How to Scare Up the Best Deal on Kids’ Halloween Costumes

There are dozens of retailers on line and off selling Halloween costumes. How on earth can you make sure you’re getting a good deal?

1. Head to the store to browse

It’s really not that hard. The first step (if you haven’t been able to find a great costume second hand) is to head to a brick and mortar store with a good selection and just browse to get an idea of what your child wants to be. Choose a costume and look at the tag to find the manufacturer. There are really only a few manufacturers out there (that’s the secret retailers don’t want you to know). Once you know who makes the costume and what it’s name is, you can easily do a price comparison.

It’s also a good idea to find your child’s size while you’re in the store so that you can order online without fear that the costume won’t fit.

2. Compare prices online

Next, go to a price comparison site like and type in the exact name of the costume (for example, “Skelebones” instead of “skeleton costume”. That should bring up a list of the retailers that carry it. You’ll find that prices vary widely. It’s also important to realize that no single price comparison site will bring up all the retailers that carry an item.

It’s a good idea to manually check for the costume at discount stores like,, and Be sure to get free shipping. Keep in mind, too, that if you order from an online store without a brick-and-mortar presence in your state, you may be able to save on sales tax. On a $30 costume, that’s a savings of over $2 in my area.

Check for coupon codes at the store (just Google the name of the site plus “coupon” to pull them up). If you like shopping through cash back programs (Upromise, eBates, etc.) be sure to do so.

Some of the largest costume retailers:,,,,,,,,,,,

The Children’s Place, Gymboree,, Old Navy, ToysRUs and other children’s retailers also carry them.

3. Expect prices to vary widely

Don’t be surprised if you find that prices on the same costume vary by $10 or more. The Toy Story Buzz Lightyear Deluxe Costume, for example, was $35 at on 9/16, but only $30 at and $27.48 at

The Plush Monkey infant costume (top right) was $36.99 at $44.99 at but only $29.99 at

4. Wait for the best savings.

Right now (mid-September) you can expect to find discounts of 20% to 30% on costumes.If you really want to save, it’s best to wait until after October 1 to buy. That’s when retailers start getting nervous about clearing costume inventory and marking down prices. You should easily be able to find discounts of 40% or more on October 1, with discounts increasing to 70% or so by a week before Halloween. Last year, Old Navy had Halloween costumes for $2 four days before the big day. Of course if the costume is hard to find, it may be better not to wait, since selection will be better now.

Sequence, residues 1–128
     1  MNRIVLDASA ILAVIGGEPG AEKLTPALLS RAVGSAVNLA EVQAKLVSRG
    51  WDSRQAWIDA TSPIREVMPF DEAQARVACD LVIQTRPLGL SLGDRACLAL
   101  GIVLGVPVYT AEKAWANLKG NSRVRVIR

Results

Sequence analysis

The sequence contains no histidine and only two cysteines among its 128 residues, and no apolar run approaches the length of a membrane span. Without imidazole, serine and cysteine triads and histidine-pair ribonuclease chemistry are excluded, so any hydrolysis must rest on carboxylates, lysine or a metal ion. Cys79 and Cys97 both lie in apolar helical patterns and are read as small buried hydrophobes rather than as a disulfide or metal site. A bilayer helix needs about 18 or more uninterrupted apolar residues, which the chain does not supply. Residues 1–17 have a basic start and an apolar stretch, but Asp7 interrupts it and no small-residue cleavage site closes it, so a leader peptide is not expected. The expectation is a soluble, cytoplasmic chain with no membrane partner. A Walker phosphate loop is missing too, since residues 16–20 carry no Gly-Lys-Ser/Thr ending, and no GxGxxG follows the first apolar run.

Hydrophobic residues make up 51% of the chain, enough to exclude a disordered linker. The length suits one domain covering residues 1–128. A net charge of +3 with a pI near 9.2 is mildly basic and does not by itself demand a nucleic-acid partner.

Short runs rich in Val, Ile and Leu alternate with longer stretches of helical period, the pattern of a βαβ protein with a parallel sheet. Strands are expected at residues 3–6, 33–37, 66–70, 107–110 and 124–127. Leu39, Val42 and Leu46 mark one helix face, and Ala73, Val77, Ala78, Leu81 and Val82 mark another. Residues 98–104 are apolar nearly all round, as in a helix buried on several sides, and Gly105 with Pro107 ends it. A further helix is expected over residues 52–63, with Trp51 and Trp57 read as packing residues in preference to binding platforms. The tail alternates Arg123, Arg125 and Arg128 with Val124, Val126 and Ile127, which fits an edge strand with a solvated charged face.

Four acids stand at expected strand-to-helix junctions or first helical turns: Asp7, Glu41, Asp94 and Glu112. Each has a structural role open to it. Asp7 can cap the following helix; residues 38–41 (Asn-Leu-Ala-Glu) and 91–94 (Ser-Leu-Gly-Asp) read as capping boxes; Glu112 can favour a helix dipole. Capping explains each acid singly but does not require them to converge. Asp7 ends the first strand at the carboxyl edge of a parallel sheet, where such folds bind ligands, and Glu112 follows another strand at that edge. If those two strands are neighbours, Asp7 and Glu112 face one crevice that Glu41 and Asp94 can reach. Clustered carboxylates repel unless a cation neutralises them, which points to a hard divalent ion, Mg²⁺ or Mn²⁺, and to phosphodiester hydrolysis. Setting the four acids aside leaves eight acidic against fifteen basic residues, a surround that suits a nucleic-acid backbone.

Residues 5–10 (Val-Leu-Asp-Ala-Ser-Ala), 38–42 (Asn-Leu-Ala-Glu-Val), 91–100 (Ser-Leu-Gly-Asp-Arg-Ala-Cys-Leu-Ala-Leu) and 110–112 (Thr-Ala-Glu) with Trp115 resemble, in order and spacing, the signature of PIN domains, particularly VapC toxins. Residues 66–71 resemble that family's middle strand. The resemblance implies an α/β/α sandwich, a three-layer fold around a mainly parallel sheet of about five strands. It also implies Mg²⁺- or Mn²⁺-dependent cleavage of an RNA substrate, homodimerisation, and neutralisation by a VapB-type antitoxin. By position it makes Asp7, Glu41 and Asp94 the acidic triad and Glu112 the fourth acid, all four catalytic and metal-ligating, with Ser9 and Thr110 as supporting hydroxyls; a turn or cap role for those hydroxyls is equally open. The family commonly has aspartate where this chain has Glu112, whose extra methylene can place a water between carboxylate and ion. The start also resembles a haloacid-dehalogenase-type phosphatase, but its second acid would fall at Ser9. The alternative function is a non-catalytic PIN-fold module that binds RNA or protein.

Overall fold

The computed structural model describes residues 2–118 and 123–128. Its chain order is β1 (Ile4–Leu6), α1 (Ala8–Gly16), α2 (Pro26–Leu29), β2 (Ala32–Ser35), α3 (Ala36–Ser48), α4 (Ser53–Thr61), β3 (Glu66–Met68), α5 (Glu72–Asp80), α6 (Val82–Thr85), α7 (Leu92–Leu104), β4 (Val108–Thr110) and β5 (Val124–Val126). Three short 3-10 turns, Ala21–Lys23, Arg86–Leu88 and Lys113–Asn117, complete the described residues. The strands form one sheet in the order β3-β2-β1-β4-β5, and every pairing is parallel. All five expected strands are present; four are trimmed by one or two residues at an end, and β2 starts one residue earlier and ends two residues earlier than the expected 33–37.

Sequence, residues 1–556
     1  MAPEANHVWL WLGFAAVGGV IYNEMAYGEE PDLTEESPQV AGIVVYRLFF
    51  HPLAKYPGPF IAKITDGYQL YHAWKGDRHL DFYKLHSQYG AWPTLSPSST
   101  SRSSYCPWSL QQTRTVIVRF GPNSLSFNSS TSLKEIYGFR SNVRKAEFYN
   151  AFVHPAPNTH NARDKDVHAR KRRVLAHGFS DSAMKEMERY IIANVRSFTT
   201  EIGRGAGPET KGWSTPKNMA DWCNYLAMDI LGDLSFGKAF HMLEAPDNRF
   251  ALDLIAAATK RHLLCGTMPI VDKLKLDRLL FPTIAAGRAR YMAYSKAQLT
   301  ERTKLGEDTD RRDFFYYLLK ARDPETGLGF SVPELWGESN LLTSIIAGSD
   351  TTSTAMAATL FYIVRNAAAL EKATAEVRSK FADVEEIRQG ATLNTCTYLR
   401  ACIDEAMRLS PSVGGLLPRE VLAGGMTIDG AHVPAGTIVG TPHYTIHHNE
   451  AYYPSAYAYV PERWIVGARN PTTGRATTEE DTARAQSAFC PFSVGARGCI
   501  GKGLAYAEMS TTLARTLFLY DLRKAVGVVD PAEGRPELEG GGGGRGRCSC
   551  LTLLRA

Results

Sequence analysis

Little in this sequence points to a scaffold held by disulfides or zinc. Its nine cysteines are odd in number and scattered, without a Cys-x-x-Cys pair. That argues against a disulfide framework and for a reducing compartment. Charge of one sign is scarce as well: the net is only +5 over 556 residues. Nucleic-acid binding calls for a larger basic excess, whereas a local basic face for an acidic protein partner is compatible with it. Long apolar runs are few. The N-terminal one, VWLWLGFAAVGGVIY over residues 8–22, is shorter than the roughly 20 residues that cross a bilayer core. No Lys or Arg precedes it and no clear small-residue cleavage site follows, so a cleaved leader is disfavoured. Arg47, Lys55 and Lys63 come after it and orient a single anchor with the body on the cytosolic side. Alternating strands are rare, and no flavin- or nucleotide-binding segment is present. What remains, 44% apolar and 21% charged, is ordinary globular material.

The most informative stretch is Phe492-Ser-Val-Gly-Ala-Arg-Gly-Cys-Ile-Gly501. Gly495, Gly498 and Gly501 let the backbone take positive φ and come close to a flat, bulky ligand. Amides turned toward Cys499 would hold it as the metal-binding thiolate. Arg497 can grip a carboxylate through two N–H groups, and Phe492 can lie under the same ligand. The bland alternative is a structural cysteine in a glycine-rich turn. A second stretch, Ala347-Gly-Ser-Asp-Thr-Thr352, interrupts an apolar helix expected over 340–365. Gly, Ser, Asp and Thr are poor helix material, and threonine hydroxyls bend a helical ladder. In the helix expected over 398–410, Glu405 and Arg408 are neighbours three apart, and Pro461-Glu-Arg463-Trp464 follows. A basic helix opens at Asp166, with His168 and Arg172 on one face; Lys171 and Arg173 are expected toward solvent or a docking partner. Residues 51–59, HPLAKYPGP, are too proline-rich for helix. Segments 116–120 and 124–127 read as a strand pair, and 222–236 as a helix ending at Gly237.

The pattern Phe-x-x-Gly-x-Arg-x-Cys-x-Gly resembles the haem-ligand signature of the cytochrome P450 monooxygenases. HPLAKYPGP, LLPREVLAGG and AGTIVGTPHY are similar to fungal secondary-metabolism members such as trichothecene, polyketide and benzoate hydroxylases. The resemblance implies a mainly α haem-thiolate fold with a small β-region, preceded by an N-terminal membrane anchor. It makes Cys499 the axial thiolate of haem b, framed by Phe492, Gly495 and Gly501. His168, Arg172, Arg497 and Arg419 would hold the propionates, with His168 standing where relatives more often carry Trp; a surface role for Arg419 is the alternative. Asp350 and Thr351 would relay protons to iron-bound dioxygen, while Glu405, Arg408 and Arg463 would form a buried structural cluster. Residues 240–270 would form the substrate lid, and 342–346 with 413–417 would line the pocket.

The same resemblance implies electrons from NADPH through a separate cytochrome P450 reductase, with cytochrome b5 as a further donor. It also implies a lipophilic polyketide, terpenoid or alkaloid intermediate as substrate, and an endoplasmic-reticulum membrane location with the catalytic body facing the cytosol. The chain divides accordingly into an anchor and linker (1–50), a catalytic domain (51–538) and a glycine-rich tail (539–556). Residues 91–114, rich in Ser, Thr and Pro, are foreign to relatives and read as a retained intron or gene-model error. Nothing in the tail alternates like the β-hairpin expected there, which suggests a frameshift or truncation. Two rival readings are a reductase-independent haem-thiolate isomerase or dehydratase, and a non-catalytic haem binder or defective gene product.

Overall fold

What are your best Halloween shopping tips?

Next: Finding great costumes on

See more Halloween savings tips on Baby Cheapskate.

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  1. bcg says:

    I just bought my daughter’s costume this week at a children’s consignment shop. I had to dig a little at the store but it only cost me $6.99 and she’ll be able to wear it again next year plus my baby boy will wear it when he is old enough. I hate spending $$ on something I know she’ll wear for 1-2 hours.

  2. Sandy says:

    I will wait till for a week before halloween sale. LAst year after reading your post I headed to Old Navy n got a gorgious tiger costume for $2 … for my baby..
    Let’s see whats in store this year..

    Thanks for all wonderful posts!

  3. Jen says:

    One thing I try to do (and it doesn’t always work) is buy a costume and then get an adjustment when it goes on sale inside the adjustment period which is usually 7-14 days depending on the store. It’s a gamble, but if you want a specific costume in a certain size it might be worth it.

    I’ve also been known to grab a costume and purchase it, watch the sales and clearance and try to grab a clearanced one when it *does* become available at a good price and simply return the higher-priced one I already bought. It’s like a little “costume insurance policy” since I know I have one no matter what and can still return it if I find it cheaper somewhere else. It seems costumes fly off the shelves locally where I live overnight!

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